On the remote West Island in the Gulf of Carpentaria, Indigenous rangers say after years of hard work, there is now just one feral cat left on the island.
An eradication program by the local Li-Anthawirriyarra Sea Rangers has used old and new technologies to eradicate the feral felines, with great success.
While 1080 baits had been the main weapon since the project started in 2011, some cats wised up to the poisonous baits, which led rangers to try other methods to mop up the island’s last few cats.
Desert Wildlife Services ecologist Rachel Paltridge said the island had been permitted to use a new technology dubbed Felixer, which is the first time it had been used in the Northern Territory.
“Our newest weapon is the Felixer Grooming Traps, which is a really high-tech machine that uses a series of lasers to identify cats from other species,” she said.
“How it works, if a cat walks past the machine it’ll spray out a dose of poison as a gel, and then the cat as a compulsory groomer will run off, sit down under a tree, lick itself to clean itself, and it will get poisoned that way.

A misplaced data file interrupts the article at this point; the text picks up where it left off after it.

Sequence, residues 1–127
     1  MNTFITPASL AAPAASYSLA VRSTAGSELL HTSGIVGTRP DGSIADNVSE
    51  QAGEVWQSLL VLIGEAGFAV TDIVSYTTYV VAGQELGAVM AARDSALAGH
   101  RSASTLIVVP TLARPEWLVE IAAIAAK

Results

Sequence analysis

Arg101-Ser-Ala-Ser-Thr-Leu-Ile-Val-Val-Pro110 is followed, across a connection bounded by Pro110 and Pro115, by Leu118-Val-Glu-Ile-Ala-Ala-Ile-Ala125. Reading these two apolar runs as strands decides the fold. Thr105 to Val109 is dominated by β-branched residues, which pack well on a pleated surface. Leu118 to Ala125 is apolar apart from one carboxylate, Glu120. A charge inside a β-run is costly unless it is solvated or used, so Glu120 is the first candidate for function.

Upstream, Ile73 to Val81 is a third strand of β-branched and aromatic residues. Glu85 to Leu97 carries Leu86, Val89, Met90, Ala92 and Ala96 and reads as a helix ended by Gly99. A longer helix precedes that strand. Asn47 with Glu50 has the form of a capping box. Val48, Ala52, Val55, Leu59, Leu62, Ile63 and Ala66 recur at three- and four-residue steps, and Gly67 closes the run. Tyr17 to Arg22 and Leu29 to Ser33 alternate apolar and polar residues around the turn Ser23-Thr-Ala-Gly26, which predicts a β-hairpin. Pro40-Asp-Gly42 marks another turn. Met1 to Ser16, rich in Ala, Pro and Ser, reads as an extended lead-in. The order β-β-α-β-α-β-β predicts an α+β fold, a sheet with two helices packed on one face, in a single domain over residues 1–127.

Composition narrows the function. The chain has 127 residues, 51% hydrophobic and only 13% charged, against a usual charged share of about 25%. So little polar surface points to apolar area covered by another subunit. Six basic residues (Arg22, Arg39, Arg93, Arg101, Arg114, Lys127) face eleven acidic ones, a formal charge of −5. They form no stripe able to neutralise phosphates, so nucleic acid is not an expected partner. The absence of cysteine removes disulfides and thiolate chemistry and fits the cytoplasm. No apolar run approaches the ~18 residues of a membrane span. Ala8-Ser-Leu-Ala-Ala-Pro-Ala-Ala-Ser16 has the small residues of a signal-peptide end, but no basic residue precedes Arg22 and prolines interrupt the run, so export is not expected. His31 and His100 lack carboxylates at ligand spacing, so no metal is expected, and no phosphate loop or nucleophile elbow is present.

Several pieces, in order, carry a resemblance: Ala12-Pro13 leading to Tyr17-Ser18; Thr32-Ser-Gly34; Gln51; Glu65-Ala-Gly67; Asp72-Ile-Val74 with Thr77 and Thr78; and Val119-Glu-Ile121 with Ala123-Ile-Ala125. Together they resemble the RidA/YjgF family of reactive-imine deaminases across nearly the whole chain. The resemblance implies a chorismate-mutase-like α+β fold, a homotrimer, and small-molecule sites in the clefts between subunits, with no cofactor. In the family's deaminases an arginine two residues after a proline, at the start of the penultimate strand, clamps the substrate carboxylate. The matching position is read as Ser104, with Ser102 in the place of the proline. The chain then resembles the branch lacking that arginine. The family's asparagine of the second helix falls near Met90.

“So it’s great because it’s not dependent on the cat being hungry enough to eat a bait, and we think we just got our first cat kill with this trap recently.”
Legendary cat tracker invited to help
Traditional owners have also this year enlisted the help of legendary cat tracker Christine Ellis from the Nyirripi community in the Tanami Desert.
“She is a legend and I liked working with her,” West Island traditional owner Lynette Simon said.
“She could find a track while on the quad bike. She was great.”
Ms Simon said since the arrival of cats in the 1990s, the feral animals had devastated populations of native wildlife on the island, but the end was now in sight.
“There’s only one [cat left] and we’ve seen him,” she said.
“We’ll hopefully get him next year and [when that happens] I’ll be so happy and proud.
“To see our animals, the delicate mouses and [grassland] melomys, they’ll be running around happy and it’ll be back [to normal].”
The Li-Anthawirriyarra Sea Rangers and Desert Wildlife Services recently won the Best Collaboration in Natural Resource Management Award at the Territory NRM Awards in Darwin.